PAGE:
During the Class Period, Kraft served as the external auditor for the Bank.
B. Alleged "Red Flags" of Financial Impropriety
Plaintiffs allege that Kraft failed to comply with GAAS when it stated, in its audit letters, that TNCC's financial statements complied with GAAP and were free of material misstatement. Plaintiffs allege that Kraft ignored numerous "red flags" of potential financial impropriety by TNCC and its officers. In particular, during the Class Period, the Federal Deposit Insurance Corporation ("FDIC") provided ongoing supervisory oversight of the Bank in compliance with federally mandated oversight requirements, in the course of which it identified potential problems at TNCC and the Bank. Based on materials in the record, relevant events include the following incidents:
2007: In July 2007, three members of TNCC's Board of Directors (the "Board") resign as a result of their disagreement with the Board's decisions concerning executive compensation. The FDIC does not take any action.
March-July 2008: In an April 2008 review, the FDIC notes an increase in the Bank's repossessed assets, some of which may have been held more than six months in violation of Tennessee law. The FDIC determines that the Board's Asset/Liability Committee ("ALCO")) has not been meeting on a regular basis and submitted false "minutes" to the Board, perhaps in violation of Tennessee criminal law. The FDIC also observes that the Bank's external audit (prepared by Kraft) contains two "material weaknesses" relating to the failure to follow policies relating to employee accounts and the failure of the asset liability committee to hold meetings. Notwithstanding these issues, the FDIC gives the Bank an overall satisfactory rating. In April 2008, Kraft issues an unqualified audit letter concerning the Bank's financial statements.
In April 2008, the FDIC performs a visitation to investigate allegations by the Bank's terminated CFO, George Fort, that the company had condoned or ignored misconduct by the Bank's employees and that the Bank had made inaccurate financial statements. Following the visitation, the FDIC declines to undertake formal supervisory action. The FDIC also determines that management has taken appropriate steps to correct the "weaknesses" identified in the 2007 external audit.
Nevertheless, Fort sues the Bank and TNCC in July 2008 for retaliatory discharge and breach of his employment contract. See Fort v. Tenn. Commerce Bancorp, Inc., Case No. 3:08-0668 (M.D. Tenn. July 9, 2008). In his lawsuit, Fort alleges that he raised concerns about the Bank's internal controls in 2007 and early 2008, including a February 2008 presentation to TNCC's Audit Committee disclosing that the Board's ALCO had been inactive and that members of the committee had been furnishing fraudulent meeting minutes to the Board and external auditors. Fort alleges that he informed TNCC in early March 2008 that he intended to speak with the FDIC immediately about his concerns, that he in fact spoke with the FDIC on March 6, 2008, and that he was terminated by the company on March 7, 2008 - allegedly in retaliation for speaking to the FDIC. The docket reflects that the parties settled the case and stipulated to its voluntary dismissal in October 2010, without any merits-based rulings from the court.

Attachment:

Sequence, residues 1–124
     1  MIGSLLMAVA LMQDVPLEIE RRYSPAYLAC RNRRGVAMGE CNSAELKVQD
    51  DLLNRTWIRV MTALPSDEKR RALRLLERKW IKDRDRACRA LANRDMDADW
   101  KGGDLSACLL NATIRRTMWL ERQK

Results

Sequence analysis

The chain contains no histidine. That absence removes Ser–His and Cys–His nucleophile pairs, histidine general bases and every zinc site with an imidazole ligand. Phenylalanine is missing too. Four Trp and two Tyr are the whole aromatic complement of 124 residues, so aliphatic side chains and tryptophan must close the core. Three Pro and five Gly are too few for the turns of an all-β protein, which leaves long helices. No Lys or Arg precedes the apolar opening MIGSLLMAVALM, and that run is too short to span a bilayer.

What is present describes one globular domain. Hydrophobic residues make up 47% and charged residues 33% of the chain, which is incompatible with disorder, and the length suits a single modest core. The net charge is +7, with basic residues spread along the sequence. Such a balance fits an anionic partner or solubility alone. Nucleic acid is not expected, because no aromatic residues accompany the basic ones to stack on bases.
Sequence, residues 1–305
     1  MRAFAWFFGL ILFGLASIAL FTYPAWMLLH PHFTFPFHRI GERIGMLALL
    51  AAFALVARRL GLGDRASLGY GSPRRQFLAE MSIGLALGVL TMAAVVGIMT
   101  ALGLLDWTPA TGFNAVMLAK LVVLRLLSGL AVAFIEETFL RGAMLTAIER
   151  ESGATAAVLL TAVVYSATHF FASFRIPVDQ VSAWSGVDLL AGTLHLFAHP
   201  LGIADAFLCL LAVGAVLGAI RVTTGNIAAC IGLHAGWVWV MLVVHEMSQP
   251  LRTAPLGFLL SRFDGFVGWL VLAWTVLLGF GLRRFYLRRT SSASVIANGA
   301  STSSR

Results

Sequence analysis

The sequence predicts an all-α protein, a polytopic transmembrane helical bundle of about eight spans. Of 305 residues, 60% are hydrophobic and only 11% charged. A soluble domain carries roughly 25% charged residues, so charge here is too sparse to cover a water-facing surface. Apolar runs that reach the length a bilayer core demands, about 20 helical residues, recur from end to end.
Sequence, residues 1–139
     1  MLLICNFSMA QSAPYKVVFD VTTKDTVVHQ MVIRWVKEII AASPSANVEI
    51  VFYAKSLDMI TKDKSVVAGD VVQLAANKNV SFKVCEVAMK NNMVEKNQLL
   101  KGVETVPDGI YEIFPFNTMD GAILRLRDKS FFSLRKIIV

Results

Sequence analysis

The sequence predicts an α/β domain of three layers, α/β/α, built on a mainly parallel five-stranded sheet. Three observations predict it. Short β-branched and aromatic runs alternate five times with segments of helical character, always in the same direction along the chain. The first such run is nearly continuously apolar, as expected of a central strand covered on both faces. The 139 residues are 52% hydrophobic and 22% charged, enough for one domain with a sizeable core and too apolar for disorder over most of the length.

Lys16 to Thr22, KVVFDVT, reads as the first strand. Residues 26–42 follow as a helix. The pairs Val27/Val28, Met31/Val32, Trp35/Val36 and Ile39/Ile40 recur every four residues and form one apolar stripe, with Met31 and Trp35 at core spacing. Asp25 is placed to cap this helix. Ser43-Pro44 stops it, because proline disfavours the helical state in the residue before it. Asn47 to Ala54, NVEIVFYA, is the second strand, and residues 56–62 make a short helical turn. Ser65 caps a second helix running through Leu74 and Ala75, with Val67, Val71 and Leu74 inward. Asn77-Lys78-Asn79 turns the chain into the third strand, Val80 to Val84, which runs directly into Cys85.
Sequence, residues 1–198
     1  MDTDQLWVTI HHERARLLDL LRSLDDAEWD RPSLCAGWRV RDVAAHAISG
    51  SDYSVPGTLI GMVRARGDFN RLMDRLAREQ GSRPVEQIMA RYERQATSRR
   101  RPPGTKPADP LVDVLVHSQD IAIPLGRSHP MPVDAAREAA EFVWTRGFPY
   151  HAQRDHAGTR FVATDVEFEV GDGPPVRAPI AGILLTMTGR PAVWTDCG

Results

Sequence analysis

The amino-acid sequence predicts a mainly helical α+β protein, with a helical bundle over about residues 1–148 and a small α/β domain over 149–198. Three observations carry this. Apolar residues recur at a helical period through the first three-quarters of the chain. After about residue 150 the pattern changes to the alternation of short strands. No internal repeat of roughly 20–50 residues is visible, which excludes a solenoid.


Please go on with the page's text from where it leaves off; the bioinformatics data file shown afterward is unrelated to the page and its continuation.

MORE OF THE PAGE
June 2009 Examination: After a June 2009 examination, the FDIC downgrades the Bank's composite rating and concludes that it is in "troubled condition." At the time, the FDIC notes that the economic downturn caused liquidity issues, that some evidence of lax underwriting and administration is present at the Bank, that it would be prudent for TNCC to reassess its risk appetite, and that the Bank's loan portfolio is highly sensitive to economic conditions.
January and February 2010: As a means of informal corrective action following the June 2009 review, the FDIC provides to the Board a proposed "Memorandum of Understanding" ("MOU") in January 2010. The MOU would require the board to, inter alia, develop a written plan to reduce its level of nonperforming assets, restrict advances to certain borrowers, and restrict asset growth. The Board pushes back: in February 2010, it asks the FDIC to consider the Board's earlier October 2009 Bank Board Resolution ("BBR") as a sufficient response to address the findings of the June 2009 examination.